Starting a Body Transformation

January 14, 2013

So you want to make your body over for 2013 and beyond?  Take the first step toward doing that today!

Body Transformation pic

The first step toward any goal is determining where you are and where you want to go.  Based upon where you are currently, you can make aggressive, yet achievable plans to get to where you want to go.

For example, if you’re starting a trip from, say, Knoxville, TN to Orlando, FL, you can plug in the starting point and destination address into google maps and see that the trip is roughly 650 miles.  Based upon that information, you’ll know that the trip will probably take close to 10 hours of travel time if you average 65 miles per hour.  So, you wouldn’t plan to make the drive in 3 hours.  That would be unrealistic.

What about with fat loss?  A good rule of thumb to use when losing fat is that you can probably lose 1/2 to 1% of your body weight per week in fat.  So, in general 1 to 2 pounds per week is a good fat loss rate to shoot for.  People with higher levels of body fat may be able to lose fat weight slightly faster than that, but in general 1 to 2 pounds per week is the range to shoot for when going for permanent fat loss.

So, let’s say that you’re a 230 lb male with 30% body fat.  If 30% of your body weight is fat, then that means that the remaining 70% of your body weight is lean body weight (LBW).  You can calculate the amount of fat you’re carrying by multiplying your body weight by 30%, i.e. .3.  So, at  30% body fat, a 230 lb man would be carrying 69 lbs of fat.  Also, that man’s 70% LBW would be 230 multiplied by .7, or 161 lbs.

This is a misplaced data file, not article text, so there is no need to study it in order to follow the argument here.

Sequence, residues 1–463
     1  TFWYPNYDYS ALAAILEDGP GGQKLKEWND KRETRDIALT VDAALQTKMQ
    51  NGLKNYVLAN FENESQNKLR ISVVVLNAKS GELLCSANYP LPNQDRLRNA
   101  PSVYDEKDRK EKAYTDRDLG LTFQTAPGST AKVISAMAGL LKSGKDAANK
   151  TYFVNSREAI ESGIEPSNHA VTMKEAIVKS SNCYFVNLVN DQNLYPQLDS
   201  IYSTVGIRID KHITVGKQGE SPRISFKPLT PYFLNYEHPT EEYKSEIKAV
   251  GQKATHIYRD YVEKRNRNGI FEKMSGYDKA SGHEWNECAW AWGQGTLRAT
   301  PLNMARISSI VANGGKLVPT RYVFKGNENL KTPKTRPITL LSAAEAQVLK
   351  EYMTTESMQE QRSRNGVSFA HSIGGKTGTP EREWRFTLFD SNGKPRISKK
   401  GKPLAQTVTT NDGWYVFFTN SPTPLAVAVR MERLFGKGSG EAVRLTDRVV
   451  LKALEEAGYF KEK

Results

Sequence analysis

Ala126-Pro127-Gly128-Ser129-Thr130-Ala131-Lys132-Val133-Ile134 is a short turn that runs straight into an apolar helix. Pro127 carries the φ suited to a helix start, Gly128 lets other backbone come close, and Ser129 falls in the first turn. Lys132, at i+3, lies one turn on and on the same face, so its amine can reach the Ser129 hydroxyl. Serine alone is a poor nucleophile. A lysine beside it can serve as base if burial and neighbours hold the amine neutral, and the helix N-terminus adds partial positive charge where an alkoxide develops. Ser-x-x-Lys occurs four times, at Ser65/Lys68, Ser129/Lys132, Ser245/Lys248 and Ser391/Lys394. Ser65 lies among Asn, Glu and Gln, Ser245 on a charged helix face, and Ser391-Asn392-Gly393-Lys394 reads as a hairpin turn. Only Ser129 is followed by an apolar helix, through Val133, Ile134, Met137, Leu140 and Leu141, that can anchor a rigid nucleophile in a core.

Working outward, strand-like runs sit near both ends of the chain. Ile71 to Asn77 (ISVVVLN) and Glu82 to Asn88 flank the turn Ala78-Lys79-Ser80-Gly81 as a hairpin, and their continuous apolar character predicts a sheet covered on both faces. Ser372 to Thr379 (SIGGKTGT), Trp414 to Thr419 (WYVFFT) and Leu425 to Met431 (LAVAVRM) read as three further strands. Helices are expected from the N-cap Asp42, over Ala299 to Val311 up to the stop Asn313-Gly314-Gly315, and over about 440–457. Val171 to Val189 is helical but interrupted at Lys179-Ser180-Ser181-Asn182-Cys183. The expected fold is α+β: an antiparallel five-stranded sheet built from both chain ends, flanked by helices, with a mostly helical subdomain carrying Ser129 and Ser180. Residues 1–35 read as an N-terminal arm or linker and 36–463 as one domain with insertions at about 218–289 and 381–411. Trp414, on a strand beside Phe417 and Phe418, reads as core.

Let’s say that this hypothetical man wants to get down to 15% body fat while keeping his lean body mass the same.  We know that his current LBW is 161 lbs.  If he loses fat and maintains that LBW, then his ending LBW will also be 161 lbs.  If he is carrying 15% body fat at that point, then that means that 85% of his weight is LBW.  So, we know that 85% (or .85) of his total body weight is 161 lbs.  How can we figure out what his total body weight is?  Writing this out in a mathematical equation would give us this:


.85 X Total_Body_Weight = 161


If we divide both sides by .85, that would give us this:


1 X Total_Body_Weight = 189.4 lbs


So, 189.4 lbs would be the man’s weight if while losing fat he kept his lean body mass the same.  189.4 then is the goal weight.

We stated that our hypothetical man currently weighs 230 lbs.  We now know that his goal weight is 189 lbs.  This means that he will have to lose 41 lbs of fat.  If he averages 2 lbs of fat loss per week, then he can expect his fat loss journey to take 21 weeks, and he probably should plan for 22 weeks because the first week of a fat loss effort usually results in mostly water weight loss.

Now that we’ve finished this example, it’s time for you to do your calculation.  Where are you starting from, and where do you want to go.  To start, you need your starting body weight.  Also, for the most accurate calculation, you need your body fat percentage.  To weigh yourself, you’ll need a reasonably accurate body weight scale.  To measure your body fat percentage, you’ll need either a place to get it measured, or a tool by which you can measure it yourself.  Personally, I use a body fat measuring tool called the Accu-measure skin caliper.  In my opinion, it can’t be beat because of its combination of convenience, affordability, and accuracy.  Tomorrow, I’ll cover one or both of these fat loss tools (scale and calipers).  We’ll use both the scale and the skin caliper this weekend in our first official “weigh day”.  I hope you’ll join me.

Be Sociable, Share!

Comments are closed.



January 2018
« Feb